Who doesn’t like the freshness of teal eyes, pink luscious lips, peach cheeks and a glowing complexion?
As the beauty industry takes a step forward, there is an equal number of men and women going back to basics.
Going organic seems to be the new mantra, what with organic soaps, creams, lotions, shampoos, lip balms and other beauty products taking a haute new avatar.
Ahalya Matthan, of Ally Matthan brand of natural fragrance and fragrance-based natural and handmade products for skin, hair, bath and personal care and Areev, a nationally available bath care range explores wellness with a holistic approach.
Natural skin care is really a way of life. Plant oils, shea and cocoa butters make fantastic moisturisers, aloe and chamomile are soothing and minerals work magic to get rid of makeup lines for sensitive skin.
Look for some easy-to-find organic ingredients like rosemary, almond, wheatgerm, honey and milk in your beauty range.
More and more people are learning about the potential skin and hair problems associated with preservatives and other suspect chemicals in cosmetics.
Chemical-based products can give you instant results, but can damage your sensitive skin and hair in the long run.
It’s a myth that synthetic skin products work marvels as they contain chemicals that are not harmful in tiny dosages, but years of accumulated usage results in damage that you cannot see.
The skin absorbs nutrients and has the ability to heal itself, so it is a logical choice to choose whether you put a chemical or a natural product on your skin.
If you are looking to lead a healthy life in the long run, choosing a natural or organic product is imperative.
By choosing an organic or a natural product, you are using ingredients that work with the natural systems of your skin. Here’s a know how on how to go au naturale:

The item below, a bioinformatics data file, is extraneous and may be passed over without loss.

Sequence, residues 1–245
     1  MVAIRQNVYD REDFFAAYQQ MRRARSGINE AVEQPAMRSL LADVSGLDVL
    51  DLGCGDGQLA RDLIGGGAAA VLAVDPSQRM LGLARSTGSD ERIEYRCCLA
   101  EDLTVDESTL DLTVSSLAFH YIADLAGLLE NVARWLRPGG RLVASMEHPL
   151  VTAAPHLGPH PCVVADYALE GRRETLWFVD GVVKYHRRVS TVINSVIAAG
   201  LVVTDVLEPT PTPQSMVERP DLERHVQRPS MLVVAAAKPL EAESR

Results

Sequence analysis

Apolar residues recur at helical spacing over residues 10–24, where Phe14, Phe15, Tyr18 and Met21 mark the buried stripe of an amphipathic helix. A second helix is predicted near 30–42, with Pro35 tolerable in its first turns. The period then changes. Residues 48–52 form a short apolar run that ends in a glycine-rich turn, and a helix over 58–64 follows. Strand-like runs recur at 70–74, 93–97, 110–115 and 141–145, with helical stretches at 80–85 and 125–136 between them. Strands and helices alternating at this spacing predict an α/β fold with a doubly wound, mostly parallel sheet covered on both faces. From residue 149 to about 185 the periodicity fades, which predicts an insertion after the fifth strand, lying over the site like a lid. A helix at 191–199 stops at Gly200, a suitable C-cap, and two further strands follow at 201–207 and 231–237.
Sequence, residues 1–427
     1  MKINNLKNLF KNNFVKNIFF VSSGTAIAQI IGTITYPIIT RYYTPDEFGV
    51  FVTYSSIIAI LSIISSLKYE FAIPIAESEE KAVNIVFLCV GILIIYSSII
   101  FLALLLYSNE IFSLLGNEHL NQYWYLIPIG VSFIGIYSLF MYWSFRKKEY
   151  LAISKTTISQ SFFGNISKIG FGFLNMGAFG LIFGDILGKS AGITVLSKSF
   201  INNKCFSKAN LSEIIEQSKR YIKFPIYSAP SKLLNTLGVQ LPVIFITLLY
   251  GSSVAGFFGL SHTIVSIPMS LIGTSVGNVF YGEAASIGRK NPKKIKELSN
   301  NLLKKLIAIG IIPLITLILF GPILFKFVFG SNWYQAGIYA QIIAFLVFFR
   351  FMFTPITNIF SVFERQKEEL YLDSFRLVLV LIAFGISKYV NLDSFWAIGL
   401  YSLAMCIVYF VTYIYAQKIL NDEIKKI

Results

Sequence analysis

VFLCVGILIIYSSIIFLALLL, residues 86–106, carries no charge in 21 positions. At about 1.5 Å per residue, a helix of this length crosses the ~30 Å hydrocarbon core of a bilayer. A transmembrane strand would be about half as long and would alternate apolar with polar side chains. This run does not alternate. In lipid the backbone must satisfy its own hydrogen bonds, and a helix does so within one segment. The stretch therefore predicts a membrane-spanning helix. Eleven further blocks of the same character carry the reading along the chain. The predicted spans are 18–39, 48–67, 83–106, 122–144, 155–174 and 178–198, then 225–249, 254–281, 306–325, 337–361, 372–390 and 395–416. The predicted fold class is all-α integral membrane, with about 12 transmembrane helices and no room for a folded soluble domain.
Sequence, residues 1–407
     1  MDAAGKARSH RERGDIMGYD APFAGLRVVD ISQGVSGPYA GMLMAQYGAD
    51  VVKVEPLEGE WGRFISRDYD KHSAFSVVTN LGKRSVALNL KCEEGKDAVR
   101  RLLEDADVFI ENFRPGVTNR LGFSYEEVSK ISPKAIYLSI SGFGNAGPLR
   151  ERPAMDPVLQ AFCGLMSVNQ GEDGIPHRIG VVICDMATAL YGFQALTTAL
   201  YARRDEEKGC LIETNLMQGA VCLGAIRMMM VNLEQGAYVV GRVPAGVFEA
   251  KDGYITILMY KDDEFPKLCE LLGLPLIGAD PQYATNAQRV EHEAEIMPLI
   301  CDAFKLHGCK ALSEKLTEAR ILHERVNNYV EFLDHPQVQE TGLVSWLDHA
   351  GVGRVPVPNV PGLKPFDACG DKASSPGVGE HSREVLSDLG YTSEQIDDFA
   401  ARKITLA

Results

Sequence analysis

Organic skin care implies that the products are made of ingredients derived directly from plants that have been cultivated without the use any chemical pesticides or fertilisers and contain no synthetic preservatives or additives.
Organic products are certified such that the end consumer can trace the origin of the farm where the ingredients were cultivated.
True organic products are hard to find as the low yield of plants cultivated without fertilizers makes them commercially unviable.
On the other hand a natural skincare product simply means that the ingredients are plant derived, cultivated with or without chemical interference, or they could alternatively mean that the ingredients are molecular clones of plant derivates.
Both products deliver the promise of the best natural ingredients for specific skincare.
Article excerpted from www.deccanchronicle.com
Bars are recycling glass bottles, composting leftovers and serving organic wines to signal to customers that they’re serious about sustainability. The Green Restaurant Association, a nonprofit trade group with 850 members, has seen a 20% uptick in the number of member bars since 2010.
Sustainability appears to make a difference to customers. In a 2010 survey by the consulting firm Technomic, 52% of consumers said they’d visit a sustainable dining establishment more often than other restaurants and bars.
Not sure how to incorporate green practices into your own bar? Here’s a look at how three entrepreneurs did it.
Bar: B.D. Riley’s
Partner: Steve Basile
City: Austin, Texas
Basile found beverage napkins made from post-consumer waste to be costlier than the ordinary variety and recyclable takeout containers to be twice the price of Styrofoam. Despite the economics, he made the switch. He thought about adding a takeout fee but decided to absorb the extra expense and keep looking for alternatives. Two years later, he found recycled fiberboard containers that are both eco-friendly and about the same price as the standard kind.